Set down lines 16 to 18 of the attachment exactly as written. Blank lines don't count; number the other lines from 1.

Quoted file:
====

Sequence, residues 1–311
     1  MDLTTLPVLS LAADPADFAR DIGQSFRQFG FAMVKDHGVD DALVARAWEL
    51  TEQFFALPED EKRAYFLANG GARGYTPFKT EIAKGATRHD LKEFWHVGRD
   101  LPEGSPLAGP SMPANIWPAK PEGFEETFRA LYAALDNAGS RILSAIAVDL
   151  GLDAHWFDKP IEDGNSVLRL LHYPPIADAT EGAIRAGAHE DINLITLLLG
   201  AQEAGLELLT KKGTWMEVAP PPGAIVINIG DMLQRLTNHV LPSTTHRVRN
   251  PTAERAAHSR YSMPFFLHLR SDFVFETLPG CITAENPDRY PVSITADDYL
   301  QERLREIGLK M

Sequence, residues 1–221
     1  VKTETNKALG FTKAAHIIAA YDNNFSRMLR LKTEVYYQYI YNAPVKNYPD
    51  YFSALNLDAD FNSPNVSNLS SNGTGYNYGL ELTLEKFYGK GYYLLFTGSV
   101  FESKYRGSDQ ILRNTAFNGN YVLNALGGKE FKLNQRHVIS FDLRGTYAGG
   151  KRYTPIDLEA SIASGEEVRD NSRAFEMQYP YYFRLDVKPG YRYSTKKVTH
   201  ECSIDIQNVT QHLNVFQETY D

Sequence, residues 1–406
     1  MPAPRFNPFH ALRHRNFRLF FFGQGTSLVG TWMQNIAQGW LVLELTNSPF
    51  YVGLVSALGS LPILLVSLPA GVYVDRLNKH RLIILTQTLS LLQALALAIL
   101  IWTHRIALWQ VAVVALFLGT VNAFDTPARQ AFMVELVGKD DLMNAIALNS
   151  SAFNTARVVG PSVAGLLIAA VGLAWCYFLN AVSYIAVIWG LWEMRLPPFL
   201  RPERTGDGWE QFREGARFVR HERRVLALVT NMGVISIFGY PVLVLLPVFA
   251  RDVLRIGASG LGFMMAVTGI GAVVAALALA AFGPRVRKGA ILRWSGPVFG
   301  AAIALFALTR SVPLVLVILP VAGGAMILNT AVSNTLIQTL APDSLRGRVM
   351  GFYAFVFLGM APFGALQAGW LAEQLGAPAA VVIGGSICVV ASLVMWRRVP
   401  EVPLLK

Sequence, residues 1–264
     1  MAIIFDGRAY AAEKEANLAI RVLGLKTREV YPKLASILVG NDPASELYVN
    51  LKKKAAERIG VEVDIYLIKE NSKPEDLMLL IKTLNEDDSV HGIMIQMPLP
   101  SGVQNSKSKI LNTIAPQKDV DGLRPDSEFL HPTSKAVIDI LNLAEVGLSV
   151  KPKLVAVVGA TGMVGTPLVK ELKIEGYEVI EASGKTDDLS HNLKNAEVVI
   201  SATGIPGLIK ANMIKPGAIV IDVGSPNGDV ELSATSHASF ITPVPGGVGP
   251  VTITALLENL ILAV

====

     1  MPAPRFNPFH ALRHRNFRLF FFGQGTSLVG TWMQNIAQGW LVLELTNSPF
    51  YVGLVSALGS LPILLVSLPA GVYVDRLNKH RLIILTQTLS LLQALALAIL
   101  IWTHRIALWQ VAVVALFLGT VNAFDTPARQ AFMVELVGKD DLMNAIALNS